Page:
Note: Possible apomorphies are in bold. However, the actual level at which many of these features, particularly the more cryptic ones, should be assigned is unclear. This is partly because many characters show considerable homoplasy, in addition, basic information for all too many characters is very incomplete, frequently coming from taxa well embedded in the clade of interest and so making the position of any putative apomorphy uncertain. Then there is the not-so-trivial issue of how ancestral states are reconstructed...
Chemistry, Morphology, etc. The stomata of Buxaceae, at least, may be described as being laterocytic (Baranova 1983).
Phylogeny. For discussion on the phylogenetic position of Buxales, see the Ranuculales page. Didymelaceae are sister to Buxaceae (representatives of both tribes were included) in the three-gene analysis of Worberg et al. (2007), although Hilu et al. (2003: matK [incomplete sequence] alone) found Didymeles to be embedded in a paraphyletic Buxaceae. Including Didymelaceae in Buxaceae was an option in A.P.G. II (2003). The poorly-known Haptanthaceae were tentatively included in Buxales in pre-March 2011 versions of the site based on the anatomy of the male flower (Doust & Stevens 2005), but a position within Buxaceae sister to Buxus was strongly suggested by analysis of data from the rbcL gene (Shipunov & Shipunova 2011).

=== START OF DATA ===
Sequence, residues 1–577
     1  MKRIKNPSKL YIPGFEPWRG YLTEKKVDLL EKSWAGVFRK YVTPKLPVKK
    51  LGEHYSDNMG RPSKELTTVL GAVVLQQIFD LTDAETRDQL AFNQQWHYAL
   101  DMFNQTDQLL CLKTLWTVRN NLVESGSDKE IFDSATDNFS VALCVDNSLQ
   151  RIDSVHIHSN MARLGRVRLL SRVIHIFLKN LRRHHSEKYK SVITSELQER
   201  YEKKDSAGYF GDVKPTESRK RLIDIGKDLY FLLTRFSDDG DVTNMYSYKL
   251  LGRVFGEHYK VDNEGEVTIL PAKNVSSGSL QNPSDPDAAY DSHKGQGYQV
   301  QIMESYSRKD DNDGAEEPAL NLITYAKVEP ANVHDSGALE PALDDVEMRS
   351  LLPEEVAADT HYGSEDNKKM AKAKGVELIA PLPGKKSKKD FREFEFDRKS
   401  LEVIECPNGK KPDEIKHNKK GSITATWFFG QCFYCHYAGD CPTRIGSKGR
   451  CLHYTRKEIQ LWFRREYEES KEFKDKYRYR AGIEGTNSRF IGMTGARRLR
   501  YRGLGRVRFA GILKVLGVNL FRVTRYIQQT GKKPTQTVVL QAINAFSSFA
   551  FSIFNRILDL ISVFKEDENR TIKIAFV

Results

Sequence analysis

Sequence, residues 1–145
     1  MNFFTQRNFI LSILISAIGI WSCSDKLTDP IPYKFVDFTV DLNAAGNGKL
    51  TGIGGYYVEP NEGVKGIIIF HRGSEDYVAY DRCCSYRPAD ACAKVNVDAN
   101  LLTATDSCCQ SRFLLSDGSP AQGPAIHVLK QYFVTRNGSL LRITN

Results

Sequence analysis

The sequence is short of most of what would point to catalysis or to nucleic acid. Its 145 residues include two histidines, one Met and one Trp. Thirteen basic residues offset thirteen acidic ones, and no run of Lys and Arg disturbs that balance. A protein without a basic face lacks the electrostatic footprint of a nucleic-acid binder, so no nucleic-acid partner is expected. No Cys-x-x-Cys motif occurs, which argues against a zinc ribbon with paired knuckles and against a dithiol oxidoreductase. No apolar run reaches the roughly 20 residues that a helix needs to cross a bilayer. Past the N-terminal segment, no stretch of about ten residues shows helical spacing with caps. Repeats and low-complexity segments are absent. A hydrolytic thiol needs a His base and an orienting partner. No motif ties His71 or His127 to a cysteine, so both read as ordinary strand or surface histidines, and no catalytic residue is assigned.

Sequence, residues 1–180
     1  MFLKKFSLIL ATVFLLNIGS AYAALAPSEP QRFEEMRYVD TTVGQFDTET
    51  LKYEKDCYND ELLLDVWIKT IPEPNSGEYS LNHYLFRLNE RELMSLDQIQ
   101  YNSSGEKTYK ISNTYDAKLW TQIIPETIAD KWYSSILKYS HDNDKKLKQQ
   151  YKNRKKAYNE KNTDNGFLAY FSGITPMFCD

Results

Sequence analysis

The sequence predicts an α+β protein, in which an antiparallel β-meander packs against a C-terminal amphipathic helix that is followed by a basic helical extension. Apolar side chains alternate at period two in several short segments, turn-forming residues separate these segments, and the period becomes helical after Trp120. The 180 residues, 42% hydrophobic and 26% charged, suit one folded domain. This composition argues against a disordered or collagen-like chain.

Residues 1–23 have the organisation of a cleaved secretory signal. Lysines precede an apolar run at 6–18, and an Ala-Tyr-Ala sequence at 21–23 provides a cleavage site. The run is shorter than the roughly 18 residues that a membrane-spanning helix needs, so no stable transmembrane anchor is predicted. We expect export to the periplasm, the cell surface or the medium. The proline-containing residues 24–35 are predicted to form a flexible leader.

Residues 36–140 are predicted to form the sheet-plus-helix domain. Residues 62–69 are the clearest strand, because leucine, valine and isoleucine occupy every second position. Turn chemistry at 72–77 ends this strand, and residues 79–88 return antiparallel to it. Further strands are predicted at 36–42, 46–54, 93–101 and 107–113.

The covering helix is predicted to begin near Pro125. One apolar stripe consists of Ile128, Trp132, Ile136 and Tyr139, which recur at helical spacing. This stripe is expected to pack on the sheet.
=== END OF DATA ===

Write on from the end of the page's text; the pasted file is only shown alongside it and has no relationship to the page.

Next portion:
Includes Buxaceae, Didymelaceae.
Synonymy: Didymelales Takhtajan - Buxanae Reveal & Doweld
DIDYMELACEAE Leandri Back to Buxales
Evergreen trees; cork ?; pericyclic fibres 0; pith chambered, nodes ?; fibres +; petiole with three traces, the two lateral inverted; hairs small, peltate; leaves spiral; plant dioecious; staminate flowers: P 0; A 2, connate basally, anthers extrorse; pollen tricolpate with 2-orate colpi; carpellate flowers: ?P 1, scale-like; G 1; ovules 1(2)/carpel, median, epitropous, integuments ± elongated, protruding into the stylar canal, outer integument fringed apically; fruit a drupelet furrowed on one side; ?rudimentary aril +, testa cell walls thickened; endosperm 0, type?, embryo large; n = ?
1[list]/2. E. Madagascar. [Photos - Inflorescence.]
Evolution. Divergence & Distribution. Fossil Didymeles is reported from New Zealand (Lee at al. 2001).
Chemistry, Morphology, etc. Iridoids are reported by Sutton (1989); this should be confirmed. There is a broad pith and at best late-developing cork (Leandri 1937); the axial parenchyma is replaced by lignified cells (Takhtajan 1997). Harms (1893) described sclereids in the pericyclic position, and also cortical sclereids. Mabberley (1997) described the family as being glabrous.
Floral morphology has recently been described by von Balthazar and Endress (2002a) and Von Balthazar et al. (2003). In carpellate flowers there is a little scale between the ovule and the bract; its morphological nature is unclear; is it a third integument (Endress 2011b)? The flowers may be borne in pairs with a small hump between them, perhaps a modified cymose unit, the hump being a reduced terminal flower.
For a general summary, see Köhler (2006).
BUXACEAE Dumortier, nom. cons. Back to Buxales